Brits start pension saving at average age of 28

There may be a global pensions shortfall building up, as people fail to save enough for their retirements, but Britons are ahead of the international game.

A new survey shows that the average age at which British people start putting money away for retirement is 28 – five years younger than the international average.

Workers in Spain and France do not even start saving until an average age of 34, while Hungarians leave it until they are 38.

Moerover, the study by AXA found that 71 per cent of Britons are actively saving towards their pensions, compared the average of 54 per cent.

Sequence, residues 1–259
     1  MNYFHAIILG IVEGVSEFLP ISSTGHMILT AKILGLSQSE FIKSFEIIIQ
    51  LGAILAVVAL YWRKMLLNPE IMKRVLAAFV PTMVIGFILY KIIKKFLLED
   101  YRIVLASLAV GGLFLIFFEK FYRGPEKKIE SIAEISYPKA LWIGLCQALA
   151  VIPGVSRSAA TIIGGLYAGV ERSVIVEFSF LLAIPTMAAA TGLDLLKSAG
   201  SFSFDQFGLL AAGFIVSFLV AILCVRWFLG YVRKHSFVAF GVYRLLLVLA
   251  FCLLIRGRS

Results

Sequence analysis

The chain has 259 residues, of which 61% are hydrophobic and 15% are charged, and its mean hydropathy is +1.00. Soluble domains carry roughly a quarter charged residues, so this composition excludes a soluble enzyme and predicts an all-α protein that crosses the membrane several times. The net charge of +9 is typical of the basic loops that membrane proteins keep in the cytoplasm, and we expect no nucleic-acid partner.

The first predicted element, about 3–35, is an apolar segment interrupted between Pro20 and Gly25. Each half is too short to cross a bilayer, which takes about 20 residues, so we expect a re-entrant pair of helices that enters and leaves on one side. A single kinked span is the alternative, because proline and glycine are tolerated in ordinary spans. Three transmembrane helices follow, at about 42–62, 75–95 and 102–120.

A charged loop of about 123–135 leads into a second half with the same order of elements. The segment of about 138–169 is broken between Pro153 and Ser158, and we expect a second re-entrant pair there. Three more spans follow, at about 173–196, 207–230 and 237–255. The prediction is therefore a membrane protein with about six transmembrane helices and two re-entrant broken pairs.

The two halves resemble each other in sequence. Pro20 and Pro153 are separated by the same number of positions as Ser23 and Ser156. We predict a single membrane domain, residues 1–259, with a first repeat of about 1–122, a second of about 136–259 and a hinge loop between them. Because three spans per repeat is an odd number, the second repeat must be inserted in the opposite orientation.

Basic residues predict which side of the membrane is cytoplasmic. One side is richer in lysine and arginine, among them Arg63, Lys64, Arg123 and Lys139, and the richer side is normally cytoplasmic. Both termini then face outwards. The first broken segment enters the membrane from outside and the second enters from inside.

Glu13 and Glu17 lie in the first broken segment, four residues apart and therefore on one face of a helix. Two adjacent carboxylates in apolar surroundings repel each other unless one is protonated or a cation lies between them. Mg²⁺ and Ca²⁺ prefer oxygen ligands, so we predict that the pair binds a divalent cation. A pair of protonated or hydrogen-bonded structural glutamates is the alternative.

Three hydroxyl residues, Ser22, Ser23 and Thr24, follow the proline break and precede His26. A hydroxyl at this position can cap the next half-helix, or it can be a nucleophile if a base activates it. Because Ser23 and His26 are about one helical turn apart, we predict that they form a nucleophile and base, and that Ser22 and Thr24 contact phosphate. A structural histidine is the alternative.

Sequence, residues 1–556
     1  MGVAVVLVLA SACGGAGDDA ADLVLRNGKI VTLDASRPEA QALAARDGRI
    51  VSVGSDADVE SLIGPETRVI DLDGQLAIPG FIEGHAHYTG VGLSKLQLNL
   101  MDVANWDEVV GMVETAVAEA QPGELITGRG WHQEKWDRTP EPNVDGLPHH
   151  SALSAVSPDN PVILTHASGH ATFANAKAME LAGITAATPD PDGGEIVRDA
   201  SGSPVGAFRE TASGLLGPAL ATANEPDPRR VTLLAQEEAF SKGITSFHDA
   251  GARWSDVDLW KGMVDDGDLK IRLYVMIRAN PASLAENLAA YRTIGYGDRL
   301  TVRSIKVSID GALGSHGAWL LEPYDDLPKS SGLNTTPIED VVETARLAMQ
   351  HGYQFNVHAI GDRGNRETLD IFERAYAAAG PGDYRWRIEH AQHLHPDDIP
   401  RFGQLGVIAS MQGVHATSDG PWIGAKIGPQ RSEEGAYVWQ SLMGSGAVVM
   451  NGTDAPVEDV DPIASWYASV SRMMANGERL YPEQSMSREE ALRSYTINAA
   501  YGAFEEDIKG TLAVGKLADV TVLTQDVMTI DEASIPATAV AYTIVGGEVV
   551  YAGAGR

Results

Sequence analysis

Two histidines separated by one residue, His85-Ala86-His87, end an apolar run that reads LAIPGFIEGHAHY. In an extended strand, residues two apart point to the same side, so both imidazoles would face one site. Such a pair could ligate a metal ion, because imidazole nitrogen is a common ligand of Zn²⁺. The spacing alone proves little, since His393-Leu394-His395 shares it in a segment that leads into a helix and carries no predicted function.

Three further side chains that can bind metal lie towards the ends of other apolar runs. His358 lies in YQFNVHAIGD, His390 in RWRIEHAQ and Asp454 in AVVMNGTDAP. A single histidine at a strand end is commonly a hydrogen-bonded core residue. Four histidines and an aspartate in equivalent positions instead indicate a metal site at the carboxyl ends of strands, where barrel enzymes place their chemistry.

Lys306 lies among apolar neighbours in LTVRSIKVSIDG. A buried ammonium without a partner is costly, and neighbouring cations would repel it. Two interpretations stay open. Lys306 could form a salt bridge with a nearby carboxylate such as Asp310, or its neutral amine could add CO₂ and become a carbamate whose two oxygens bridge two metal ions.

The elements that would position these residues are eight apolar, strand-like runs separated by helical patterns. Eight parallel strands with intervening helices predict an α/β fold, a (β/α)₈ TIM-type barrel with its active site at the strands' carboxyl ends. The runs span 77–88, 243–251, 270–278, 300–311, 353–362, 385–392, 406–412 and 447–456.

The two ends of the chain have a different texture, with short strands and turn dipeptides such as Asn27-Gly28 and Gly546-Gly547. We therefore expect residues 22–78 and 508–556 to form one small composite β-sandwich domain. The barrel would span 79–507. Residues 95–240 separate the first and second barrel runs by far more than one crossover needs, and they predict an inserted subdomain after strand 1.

Steve Folkard, head of pensions and savings policy at AXA said: " It is encouraging to see that Brits lead the way when it comes to retirement planning but not surprising given that state benefits in the UK provide a very modest retirement income compared with many other countries.

"However, in spite of this, there are still a worrying number of people who have still not started saving into their pension. Young people today think retirement is far off and that pensions are something they do not need to worry about, yet figures do show that the earlier you begin saving the greater the benefits when people hit retirement."

One cause for concern particularly stood out. Of those who have not started saving in the UK, around a third said that they were unlikely to start doing so until an average age of 47.

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